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Eeyore

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  • "Eeyore" started this thread
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Tuesday, November 28th 2006, 7:30am

What is Endometriosis?

Endometrium is the tissue that lines the uterus (the womb). During the menstrual cycle the thickness of the endometrium increases in readiness for the fertilised egg. If pregnancy does not occur the lining is shed as a 'period'.

Endometriosis (pronounced end-oh-mee- tree-oh-sis) is a condition where the cells that are normally found lining the uterus are also found in other areas of the body but usually within the pelvis. Each month this tissue outside of the uterus, under normal hormonal control, is built up and then breaks down and bleeds in the same way as the lining of the uterus. This internal bleeding into the pelvis, unlike a period, has no way of leaving the body. This leads to inflammation, pain and the formation of scar tissue. Endometrial tissue can also be found in the ovary where it can form cysts, called 'chocolate' cysts.

You can also have endometrial tissue that grows in the muscle layer of the wall of the uterus. This is called adenomyosis. Each month this tissue within the muscle wall bleeds in the same way as the endometrial tissue in the pelvis bleeds. Adenomyosis can also be found in the muscle layer of the perineum - in the pouch of Douglas or cul de sac.

Endometrial deposits can also be found in more remote sites than the pelvis. Endometriosis can be found in or on the bowel, in or on the bladder, in operation scars and in the lungs. The only site that endometriosis has not been found is the spleen.

Endometriosis is not an infection.
Endometriosis is not contagious.
Endometriosis is not cancer.


Why does it occur?

The cause is unknown but several theories have been put forward.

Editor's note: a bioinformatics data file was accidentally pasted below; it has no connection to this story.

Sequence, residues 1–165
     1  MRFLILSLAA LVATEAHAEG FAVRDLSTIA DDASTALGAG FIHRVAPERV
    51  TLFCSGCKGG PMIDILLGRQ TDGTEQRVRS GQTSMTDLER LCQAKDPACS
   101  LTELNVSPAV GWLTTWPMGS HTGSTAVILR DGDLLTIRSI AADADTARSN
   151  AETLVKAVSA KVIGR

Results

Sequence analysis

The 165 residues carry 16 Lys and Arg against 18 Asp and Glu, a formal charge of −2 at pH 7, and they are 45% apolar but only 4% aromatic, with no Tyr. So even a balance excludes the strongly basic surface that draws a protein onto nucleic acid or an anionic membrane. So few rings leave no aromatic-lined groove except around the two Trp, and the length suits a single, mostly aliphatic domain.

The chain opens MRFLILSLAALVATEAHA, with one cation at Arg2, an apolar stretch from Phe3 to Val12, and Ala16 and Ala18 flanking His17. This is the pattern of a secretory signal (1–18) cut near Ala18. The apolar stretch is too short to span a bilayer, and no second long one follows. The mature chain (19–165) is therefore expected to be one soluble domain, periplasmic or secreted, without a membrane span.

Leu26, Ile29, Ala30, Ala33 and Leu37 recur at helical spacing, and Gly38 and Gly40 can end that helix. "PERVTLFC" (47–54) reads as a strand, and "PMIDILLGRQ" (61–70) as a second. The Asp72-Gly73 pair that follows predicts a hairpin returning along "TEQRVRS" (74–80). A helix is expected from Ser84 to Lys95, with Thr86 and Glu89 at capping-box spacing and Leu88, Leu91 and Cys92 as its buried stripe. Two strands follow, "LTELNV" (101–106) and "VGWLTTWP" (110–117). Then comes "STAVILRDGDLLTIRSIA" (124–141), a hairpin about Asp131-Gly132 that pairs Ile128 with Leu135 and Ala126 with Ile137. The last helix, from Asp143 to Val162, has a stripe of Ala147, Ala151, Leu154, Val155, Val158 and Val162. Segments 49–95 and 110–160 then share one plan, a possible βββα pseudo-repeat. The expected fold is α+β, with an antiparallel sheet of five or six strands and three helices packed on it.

Retrograde menstruation.
Lymphatic or circulatory spread
Genetic predisposition to the condition
Immune dysfunction
Environmental causes - such as dioxin exposure

Of the theories and the most widely accepted is retrograde menstruation. According to this theory some of the menstrual blood flows backwards down the fallopian tubes and into the pelvis. Some of the endometrial cells, contained in the menstrual fluid, implant on the reproductive organs or other areas in the pelvis. These implanted cells cause endometriosis. What is not known is why these endometrial cells implant in some women and not in others.


Symptoms of endometriosis

The more common symptoms of endometriosis include:

Painful and or heavy periods
Painful sex
Infertility
Fatigue
Problems when opening bowels

Associated with the above women may report many other symptoms:

Pain

Painful periods
Pain starting before periods
Pain during or after sexual intercourse
Ovulation pain
Pain on internal examination


Bleeding

Heavy periods with/without clots
Prolonged bleeding
Pre-menstrual spotting
Irregular periods
Loss of dark or old blood before a period or at the end of a period


Bowel and Bladder symptoms

Painful bowel movement
Pain before or after opening bowels
Bleeding from the bowel
Pain when passing urine
Pain before or after passing urine
Symptoms of an irritable bowel - diarrhoea, constipation, colic


Other symptoms

Lethargy
Extreme tiredness

The majority of women with the condition will experience some of these symptoms. Some women with endometriosis will have no symptoms at all.

The amount of endometriosis does not always correspond to the amount of pain and discomfort. Chocolate cysts on the ovary can be painfree and only discovered as part of fertility investigations. A small amount of endometriosis can be more painful than severe disease. It depends, largely, on the site of the endometrial deposits.

All of the symptoms above may have other causes. It is important to seek medical advice to clarify the cause of any symptoms. If symptoms change, after diagnosis, it is important to discuss these changes with a medical practitioner. It is easier to put all problems down to endometriosis and it may not always be the reason.


How common is Endometriosis

Endometriosis is a very common condition affecting some 2 million girls and women in the UK.


Who gets Endometriosis?

The stereotypical woman with endometriosis has been described as in her thirties, a career woman who has delayed childbearing. Whilst we know that this picture is far from true the myth persists.